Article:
The opportunity to visit, explore and wonder over the most remarkable ancient Egyptian sites has never been better. Visitor numbers have dropped significantly over the past ten years, so the chance to get up close and personal, in relative privacy, with ancient Egypt’s history, architecture, region, language, literature and cartoon-style hieroglyphics is arguably better than at any other time in recent memory.
Tourism is so important to Egypt that this downturn in numbers has had a devastating impact on local economies, but for visitors, it allows for a sensational feeling of discovery, similar to that experienced by the early archaeologists examining pyramids, temples and tombs.
Not only do visitors have access to the most knowledgeable guides and highest quality accommodation and transportation facilities but there is also an inexhaustible supply of under-visited sites and artefacts, many of them dating back five thousand years.
We at Nomadic Thoughts have received recent reports of clients spending up to fifteen minutes on their own in the Tomb of Tutankhamen. Equally the sense of isolation when climbing the inner ladder-steps of the Great Pyramid of Cheops to the Queen’s Chamber and Grand Gallery is astonishing.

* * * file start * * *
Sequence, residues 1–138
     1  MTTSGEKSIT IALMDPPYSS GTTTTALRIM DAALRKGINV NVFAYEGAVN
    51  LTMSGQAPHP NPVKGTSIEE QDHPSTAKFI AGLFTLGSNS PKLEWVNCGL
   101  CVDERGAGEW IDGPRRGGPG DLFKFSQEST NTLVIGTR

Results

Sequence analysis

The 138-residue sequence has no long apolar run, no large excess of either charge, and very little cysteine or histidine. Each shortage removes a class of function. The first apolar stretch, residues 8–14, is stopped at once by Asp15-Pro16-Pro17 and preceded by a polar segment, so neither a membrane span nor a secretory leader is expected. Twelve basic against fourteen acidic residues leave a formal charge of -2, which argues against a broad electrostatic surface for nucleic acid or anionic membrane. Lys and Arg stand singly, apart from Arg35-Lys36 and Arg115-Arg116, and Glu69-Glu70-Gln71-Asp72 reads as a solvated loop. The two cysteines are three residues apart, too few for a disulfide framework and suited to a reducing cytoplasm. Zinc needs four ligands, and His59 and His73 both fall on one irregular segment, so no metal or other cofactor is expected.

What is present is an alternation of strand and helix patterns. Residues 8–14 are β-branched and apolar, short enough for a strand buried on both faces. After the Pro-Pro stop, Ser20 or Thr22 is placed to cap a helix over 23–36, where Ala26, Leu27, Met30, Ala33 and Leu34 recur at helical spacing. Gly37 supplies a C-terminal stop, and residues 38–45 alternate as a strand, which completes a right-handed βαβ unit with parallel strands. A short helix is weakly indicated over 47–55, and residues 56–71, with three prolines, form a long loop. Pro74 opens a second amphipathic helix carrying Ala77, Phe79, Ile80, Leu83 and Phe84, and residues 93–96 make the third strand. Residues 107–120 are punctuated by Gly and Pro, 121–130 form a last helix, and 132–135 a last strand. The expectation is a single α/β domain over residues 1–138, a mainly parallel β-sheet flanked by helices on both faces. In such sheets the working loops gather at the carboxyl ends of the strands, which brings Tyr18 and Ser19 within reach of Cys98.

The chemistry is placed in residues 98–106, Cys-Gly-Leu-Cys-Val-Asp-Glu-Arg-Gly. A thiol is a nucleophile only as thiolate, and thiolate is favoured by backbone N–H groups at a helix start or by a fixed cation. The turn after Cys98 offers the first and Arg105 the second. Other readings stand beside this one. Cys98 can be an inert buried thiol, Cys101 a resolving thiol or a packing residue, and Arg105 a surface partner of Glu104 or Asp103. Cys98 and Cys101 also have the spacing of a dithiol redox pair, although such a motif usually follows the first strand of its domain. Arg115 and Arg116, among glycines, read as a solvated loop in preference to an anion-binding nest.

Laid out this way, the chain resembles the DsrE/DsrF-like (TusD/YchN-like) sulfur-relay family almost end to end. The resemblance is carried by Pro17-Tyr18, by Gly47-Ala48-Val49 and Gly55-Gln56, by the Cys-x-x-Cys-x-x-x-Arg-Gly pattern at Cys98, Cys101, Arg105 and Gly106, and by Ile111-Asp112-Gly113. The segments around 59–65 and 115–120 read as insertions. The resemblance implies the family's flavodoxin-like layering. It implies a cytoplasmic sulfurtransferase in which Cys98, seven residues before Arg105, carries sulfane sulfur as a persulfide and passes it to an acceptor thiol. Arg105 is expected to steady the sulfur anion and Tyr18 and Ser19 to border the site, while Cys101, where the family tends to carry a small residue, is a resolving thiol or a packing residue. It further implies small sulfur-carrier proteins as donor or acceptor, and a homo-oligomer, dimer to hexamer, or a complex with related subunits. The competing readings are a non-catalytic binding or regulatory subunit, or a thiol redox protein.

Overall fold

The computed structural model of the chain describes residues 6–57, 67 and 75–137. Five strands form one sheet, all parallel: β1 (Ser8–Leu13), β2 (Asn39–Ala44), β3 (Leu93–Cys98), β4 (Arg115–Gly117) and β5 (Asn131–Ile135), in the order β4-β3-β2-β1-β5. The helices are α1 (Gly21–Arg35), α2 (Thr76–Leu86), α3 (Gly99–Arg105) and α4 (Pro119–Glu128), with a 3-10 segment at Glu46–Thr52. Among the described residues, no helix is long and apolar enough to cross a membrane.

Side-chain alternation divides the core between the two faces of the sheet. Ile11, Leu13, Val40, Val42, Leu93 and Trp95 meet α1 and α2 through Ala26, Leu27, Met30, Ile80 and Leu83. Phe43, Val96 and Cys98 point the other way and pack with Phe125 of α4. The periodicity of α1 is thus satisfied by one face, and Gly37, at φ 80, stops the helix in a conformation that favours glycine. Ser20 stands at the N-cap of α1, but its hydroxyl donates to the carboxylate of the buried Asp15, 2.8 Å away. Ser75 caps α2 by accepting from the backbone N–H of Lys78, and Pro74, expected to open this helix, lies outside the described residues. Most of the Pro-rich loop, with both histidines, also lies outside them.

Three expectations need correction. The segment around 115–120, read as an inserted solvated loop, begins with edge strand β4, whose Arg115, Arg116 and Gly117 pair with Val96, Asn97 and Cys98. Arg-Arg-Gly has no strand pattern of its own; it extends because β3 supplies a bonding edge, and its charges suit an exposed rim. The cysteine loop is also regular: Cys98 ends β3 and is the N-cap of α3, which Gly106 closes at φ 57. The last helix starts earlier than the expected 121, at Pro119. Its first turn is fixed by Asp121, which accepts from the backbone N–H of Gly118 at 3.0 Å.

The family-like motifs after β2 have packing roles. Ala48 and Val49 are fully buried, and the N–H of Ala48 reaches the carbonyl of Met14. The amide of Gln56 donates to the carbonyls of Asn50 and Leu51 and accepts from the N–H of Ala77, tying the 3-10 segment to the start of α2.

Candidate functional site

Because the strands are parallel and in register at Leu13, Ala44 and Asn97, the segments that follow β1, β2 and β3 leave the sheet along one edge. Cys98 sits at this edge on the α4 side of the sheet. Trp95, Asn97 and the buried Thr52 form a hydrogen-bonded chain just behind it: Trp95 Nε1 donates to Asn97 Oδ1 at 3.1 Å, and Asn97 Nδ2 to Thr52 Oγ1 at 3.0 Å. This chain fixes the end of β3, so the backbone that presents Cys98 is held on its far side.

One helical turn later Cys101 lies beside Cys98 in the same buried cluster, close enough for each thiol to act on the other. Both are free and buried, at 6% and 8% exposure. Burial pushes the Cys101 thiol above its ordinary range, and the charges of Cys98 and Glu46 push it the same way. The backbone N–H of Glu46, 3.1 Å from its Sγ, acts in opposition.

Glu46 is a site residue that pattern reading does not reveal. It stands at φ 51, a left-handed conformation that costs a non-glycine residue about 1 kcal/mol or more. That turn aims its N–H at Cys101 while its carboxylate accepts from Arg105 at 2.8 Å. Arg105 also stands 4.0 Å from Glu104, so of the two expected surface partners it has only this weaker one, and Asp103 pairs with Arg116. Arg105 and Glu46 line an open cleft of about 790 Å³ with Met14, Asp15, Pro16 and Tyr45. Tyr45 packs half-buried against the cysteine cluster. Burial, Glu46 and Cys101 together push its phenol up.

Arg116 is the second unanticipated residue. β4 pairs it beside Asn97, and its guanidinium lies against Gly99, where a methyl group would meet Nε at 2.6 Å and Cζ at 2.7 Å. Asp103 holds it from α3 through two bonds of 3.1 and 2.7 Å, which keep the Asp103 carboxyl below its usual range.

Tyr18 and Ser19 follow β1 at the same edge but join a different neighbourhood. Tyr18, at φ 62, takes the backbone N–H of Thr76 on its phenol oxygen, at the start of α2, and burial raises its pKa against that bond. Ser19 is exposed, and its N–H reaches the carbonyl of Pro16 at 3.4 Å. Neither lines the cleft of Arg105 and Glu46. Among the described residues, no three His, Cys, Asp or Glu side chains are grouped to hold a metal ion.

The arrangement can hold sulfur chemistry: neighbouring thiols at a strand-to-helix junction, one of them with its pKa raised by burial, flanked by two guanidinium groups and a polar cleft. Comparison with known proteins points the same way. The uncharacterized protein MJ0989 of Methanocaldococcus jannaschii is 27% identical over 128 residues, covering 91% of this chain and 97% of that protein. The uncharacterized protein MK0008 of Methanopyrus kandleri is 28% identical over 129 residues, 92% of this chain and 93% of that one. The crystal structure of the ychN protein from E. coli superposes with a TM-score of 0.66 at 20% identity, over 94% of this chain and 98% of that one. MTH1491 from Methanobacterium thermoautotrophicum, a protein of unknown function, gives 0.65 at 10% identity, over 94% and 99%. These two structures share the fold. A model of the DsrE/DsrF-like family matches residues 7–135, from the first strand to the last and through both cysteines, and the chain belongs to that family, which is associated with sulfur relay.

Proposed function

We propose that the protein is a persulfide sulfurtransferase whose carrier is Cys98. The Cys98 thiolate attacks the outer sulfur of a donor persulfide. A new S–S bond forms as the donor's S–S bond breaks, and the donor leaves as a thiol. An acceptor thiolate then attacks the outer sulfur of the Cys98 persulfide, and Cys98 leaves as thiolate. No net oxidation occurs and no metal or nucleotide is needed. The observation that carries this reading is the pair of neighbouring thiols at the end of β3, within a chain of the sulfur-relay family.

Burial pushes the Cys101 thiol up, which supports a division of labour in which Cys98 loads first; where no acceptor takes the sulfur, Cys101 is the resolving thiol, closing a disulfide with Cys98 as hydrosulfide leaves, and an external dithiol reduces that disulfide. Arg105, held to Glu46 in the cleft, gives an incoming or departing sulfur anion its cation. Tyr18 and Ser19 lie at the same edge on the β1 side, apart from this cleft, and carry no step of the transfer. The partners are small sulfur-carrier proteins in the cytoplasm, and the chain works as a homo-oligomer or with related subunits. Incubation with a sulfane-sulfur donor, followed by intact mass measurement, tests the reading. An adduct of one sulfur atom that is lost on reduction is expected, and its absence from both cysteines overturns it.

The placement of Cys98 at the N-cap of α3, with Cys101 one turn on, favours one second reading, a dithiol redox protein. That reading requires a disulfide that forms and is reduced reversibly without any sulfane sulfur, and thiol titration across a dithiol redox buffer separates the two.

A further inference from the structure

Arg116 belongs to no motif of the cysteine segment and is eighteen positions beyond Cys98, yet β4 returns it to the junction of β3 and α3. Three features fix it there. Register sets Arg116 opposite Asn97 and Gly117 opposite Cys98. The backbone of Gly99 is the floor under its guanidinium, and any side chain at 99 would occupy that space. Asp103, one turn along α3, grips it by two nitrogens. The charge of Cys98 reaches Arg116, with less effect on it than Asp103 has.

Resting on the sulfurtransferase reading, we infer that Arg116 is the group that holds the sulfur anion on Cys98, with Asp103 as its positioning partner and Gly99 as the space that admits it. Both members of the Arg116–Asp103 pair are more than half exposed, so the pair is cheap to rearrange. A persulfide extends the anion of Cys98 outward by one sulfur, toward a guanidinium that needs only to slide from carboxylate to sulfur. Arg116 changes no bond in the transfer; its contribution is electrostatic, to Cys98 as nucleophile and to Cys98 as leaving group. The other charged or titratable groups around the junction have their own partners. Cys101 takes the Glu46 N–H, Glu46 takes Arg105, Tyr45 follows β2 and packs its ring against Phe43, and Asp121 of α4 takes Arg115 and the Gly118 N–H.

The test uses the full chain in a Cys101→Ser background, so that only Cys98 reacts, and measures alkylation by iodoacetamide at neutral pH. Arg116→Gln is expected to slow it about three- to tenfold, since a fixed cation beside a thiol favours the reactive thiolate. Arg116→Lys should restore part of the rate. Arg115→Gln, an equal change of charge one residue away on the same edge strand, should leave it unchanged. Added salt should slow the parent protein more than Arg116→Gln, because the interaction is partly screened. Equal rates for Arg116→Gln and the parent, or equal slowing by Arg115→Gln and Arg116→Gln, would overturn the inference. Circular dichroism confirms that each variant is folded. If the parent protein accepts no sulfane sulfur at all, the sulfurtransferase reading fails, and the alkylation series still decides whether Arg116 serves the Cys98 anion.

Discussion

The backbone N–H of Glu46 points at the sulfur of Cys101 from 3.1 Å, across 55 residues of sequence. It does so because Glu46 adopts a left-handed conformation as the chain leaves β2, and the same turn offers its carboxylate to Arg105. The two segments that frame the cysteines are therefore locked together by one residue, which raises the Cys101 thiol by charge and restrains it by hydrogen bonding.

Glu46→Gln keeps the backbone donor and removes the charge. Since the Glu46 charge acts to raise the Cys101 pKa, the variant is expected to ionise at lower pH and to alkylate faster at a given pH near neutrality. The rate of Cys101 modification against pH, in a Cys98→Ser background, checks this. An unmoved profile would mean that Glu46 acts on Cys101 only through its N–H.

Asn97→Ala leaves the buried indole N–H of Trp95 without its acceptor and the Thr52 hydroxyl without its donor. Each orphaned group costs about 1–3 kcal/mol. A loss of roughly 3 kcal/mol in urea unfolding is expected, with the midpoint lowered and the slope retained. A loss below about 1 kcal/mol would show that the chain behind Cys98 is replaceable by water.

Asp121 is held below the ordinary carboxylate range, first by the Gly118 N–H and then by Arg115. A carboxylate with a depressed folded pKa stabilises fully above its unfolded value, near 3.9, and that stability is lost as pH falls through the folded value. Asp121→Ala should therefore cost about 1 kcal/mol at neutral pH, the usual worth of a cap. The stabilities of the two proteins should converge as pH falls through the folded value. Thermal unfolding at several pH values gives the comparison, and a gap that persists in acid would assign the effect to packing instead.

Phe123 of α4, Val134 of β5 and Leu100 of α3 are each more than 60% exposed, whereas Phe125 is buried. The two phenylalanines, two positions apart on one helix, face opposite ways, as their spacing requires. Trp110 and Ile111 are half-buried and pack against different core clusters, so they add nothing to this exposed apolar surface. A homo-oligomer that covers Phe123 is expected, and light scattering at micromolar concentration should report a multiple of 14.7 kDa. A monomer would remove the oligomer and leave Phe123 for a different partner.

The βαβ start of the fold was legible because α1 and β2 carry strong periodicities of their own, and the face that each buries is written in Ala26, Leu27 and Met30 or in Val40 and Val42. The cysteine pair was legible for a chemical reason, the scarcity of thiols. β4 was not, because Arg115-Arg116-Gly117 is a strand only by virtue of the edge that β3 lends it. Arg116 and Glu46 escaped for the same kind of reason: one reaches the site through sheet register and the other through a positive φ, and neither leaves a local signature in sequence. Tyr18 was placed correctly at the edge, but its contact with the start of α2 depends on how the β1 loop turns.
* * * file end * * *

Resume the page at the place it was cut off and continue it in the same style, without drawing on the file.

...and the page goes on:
Cairo’s Egyptian Museum is also experiencing wafer-thin visitor numbers in comparison to previous years. Whether standing face-to-face with Tutankhamun’s funerary mask, or touching distance away from the occupants of the Mummy Room, the lack of hordes of other visitors is astounding. Especially when you consider the overcrowding issues at so many other heritage sites and ‘wonders of the world’ across the globe.
The fact is, international visitor numbers to Egypt have stayed significantly low since the Arab Spring. Shortly after this, I first posted a blog flagging up the exciting chance to visit the hugely under-visited Upper Nile region in 2012.
The good news is that things are changing, with our local travel colleagues reporting an upturn in recent months as the perfect springtime weather kicks in.
So if you are looking for an inspirational escape, with the opportunity to get personally acquainted with some of humanity’s oldest friends before international tourism numbers rise again… go for it.